Washington, D.C., NPR affiliate and American University licensee WAMU(FM) recently announced a new podcast development program. Dubbed The Pod Shop, the initiative is open to applicants from DC, Maryland and Virginia residents, which will be accepted through July 6. Radio World’s Emily Reigart reached out to The Pod Shop’s program coordinator, Melody Rowell, to learn more about the new program and WAMU’s podcast plans.
Radio World: Why podcasts? You’re a public radio station that also now owns recently relaunched local news site DCIst. Is there any concern that you’re stretching too thin?
Melody Rowell: We are always trying to figure out how to better serve our community and our listeners. We know there are talented podcasters and other creatives in DC, but it’s not as cohesive a community as in places like New York or LA. Our mission is to connect Washingtonians with each other and the world, and we see this as an opportunity to fulfill that mission through audio. We want to help ideas from this region become more prominent in the burgeoning world of audio, and we see this is an initial step in that direction.
While The Pod Shop and DCist are launching around the same time, they’re being run by different teams, and there’s not much overlap.
RW: What was the inspiration for this development program?
Rowell: So many organizations are doing great work with training and developing producers. We studied the WNYC Podcast Accelerator, the Transom Story Workshop, and the Spotify Bootcamp, among others, to figure out how we could combine in-depth training, development of original content, and funding for creative projects.
RW: What do you envision happening at the twice-weekly Pod Shop cohort meetings?
Rowell: Sessions will have varying combinations of training and workshopping, with WAMU staff and local podcasting talent serving as mentors and instructors.
RW: Is The Pod Shop modeled after any existing training programs, or have you taken cues from other podcast groups, for example PRX’s Podcast Garage?
Rowell: So many organizations are doing great work with training and developing producers. We’ve gotten great advice from Kerry Donahue with PRX. We studied the WNYC Podcast Accelerator, the Transom Story Workshop, and the Spotify Bootcamp, among others. But The Pod Shop is different because we’re combining in-depth training, development of original content, and funding for creative projects. And we have no requirements for prior experience with audio.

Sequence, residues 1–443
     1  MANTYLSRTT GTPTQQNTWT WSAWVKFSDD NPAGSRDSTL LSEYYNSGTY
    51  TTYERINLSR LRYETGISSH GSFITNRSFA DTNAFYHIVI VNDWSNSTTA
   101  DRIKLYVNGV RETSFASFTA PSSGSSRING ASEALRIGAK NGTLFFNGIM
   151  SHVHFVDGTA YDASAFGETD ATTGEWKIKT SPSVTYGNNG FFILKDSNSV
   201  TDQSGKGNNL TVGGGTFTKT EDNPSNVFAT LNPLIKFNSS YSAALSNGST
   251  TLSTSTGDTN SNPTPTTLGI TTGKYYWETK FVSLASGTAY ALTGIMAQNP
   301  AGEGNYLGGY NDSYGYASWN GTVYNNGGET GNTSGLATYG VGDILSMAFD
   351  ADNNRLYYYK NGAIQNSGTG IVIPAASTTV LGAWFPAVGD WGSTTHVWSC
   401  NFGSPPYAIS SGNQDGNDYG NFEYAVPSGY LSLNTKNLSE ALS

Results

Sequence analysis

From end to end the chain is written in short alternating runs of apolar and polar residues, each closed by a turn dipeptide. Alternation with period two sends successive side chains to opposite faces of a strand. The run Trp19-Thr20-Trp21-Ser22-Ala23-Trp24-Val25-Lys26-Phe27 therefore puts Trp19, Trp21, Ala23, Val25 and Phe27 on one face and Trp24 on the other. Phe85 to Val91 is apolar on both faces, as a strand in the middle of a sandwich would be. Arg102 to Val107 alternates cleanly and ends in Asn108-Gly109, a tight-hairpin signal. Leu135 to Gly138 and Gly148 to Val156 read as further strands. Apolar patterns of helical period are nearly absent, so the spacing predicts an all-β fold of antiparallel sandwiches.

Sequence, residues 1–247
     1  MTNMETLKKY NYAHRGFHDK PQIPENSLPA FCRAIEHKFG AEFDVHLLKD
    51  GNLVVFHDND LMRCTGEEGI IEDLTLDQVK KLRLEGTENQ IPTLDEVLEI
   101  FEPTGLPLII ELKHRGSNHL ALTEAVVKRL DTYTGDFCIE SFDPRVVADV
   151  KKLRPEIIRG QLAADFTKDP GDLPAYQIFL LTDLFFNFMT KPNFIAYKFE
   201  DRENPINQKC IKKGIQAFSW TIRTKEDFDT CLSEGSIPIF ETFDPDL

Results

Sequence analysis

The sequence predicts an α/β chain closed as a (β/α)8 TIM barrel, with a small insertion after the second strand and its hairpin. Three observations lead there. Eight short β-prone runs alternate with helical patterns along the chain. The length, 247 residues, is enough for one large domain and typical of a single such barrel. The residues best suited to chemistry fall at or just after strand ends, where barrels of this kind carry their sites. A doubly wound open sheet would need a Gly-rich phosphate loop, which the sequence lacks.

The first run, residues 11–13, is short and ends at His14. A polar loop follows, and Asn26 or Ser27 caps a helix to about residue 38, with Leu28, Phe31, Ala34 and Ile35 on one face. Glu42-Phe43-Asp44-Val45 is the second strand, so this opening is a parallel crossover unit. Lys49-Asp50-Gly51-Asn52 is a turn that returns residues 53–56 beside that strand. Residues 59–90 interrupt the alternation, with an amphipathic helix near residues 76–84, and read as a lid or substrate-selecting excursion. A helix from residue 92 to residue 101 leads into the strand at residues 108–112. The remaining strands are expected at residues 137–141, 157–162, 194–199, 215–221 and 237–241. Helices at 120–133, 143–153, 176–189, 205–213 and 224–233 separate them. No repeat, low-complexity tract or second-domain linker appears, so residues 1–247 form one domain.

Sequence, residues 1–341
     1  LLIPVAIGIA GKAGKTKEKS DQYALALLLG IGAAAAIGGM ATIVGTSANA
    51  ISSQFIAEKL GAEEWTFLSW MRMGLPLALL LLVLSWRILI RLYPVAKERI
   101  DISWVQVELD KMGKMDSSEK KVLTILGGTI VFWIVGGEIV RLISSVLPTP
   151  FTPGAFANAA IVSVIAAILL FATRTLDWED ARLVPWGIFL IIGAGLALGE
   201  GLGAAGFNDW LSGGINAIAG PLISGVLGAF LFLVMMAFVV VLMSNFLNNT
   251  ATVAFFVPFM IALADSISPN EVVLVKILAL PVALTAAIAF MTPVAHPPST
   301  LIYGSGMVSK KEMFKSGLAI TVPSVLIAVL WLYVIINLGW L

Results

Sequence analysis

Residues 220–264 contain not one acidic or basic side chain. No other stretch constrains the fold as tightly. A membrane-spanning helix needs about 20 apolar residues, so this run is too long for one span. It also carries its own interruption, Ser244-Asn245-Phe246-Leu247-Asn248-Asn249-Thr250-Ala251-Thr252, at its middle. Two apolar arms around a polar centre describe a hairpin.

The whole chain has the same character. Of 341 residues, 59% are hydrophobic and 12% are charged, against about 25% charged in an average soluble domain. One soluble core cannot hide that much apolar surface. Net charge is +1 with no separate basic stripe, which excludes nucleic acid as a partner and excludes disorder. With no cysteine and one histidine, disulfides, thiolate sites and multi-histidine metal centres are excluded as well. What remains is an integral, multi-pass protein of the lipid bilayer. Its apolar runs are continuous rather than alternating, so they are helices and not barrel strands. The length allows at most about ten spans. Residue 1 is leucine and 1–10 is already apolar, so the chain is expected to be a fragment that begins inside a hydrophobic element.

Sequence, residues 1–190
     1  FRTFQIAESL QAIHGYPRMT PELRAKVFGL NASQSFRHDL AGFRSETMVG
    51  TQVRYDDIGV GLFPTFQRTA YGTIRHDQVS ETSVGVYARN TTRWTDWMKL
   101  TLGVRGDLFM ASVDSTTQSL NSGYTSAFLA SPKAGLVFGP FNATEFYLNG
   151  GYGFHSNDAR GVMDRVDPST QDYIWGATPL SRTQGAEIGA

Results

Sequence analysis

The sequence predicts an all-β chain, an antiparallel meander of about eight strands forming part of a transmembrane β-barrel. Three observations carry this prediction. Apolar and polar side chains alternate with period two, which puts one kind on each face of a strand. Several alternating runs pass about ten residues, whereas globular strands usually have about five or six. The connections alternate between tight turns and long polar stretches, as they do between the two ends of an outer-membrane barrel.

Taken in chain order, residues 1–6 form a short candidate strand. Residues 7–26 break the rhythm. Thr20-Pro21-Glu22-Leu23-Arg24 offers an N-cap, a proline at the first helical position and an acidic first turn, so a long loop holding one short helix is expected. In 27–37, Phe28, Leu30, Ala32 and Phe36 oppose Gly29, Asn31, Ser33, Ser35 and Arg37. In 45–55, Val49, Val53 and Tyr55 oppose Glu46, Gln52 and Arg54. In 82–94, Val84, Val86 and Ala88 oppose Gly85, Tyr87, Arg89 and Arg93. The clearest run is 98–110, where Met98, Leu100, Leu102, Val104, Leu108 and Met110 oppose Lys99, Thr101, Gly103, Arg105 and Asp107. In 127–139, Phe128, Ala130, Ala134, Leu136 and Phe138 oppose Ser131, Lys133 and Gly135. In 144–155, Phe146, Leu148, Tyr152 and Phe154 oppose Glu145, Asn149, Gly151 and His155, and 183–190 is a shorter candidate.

RW: According to The Pod Shop page, selected projects “will receive a $2,500 funding award” to cover production costs. What’s the source of this funding, and what do you think the money will be spent on (equipment like mics and recorders, software or something else)?
Rowell: While we do have one major donor, this initial iteration of The Pod Shop is coming out of WAMU’s operating budget. Producers can spend their funding award on whatever they need to in order to succeed, whether that’s equipment or travel.
RW: The website says applications will be evaluated by an “advisory committee of WAMU employees in different areas of the station.” Will these same committee members be involved beyond the initial phase, and if yes, can you tell us who they are or what functions are at the station?
Rowell: This group features staff members who work in various content departments — the newsroom, “1A” and “The Kojo Nnamdi Show.” They will continue to be involved throughout the project, as will other staff members who have volunteered to share their expertise during the sessions.
RW: Where will listeners find the The Pod Shop podcast feed — NPR One, iTunes? Will they have to wait until after the program wraps up in November, or will the episodes be released gradually?
Rowell: The Pod Shop podcast feed will be available across all podcast apps. The pilots will not be shared until the conclusion of the program in the fall, but we may use excerpts as on-air promotion for the podcast feed.
RW: The website describe The Pod Shop as a pilot program. What would make the initiative a success in WAMU’s eyes?
Rowell: It would be a huge success if we came away with meaningful connections with talented local podcast producers (or aspiring podcast producers). Another indicator of success would be if all the selected producers or production teams end the program with a podcast pilot they’re really proud of. If their show gets picked up for development, either by us or another outlet, that’s a cherry on top!
RW: Anything else you think readers should know?
Rowell: Readers should know that we believe the Washington region is a wildly creative place, full of people with big dreams and big ideas. We want to help harness to the potential for those dreamers to share their ideas in the podcasting space.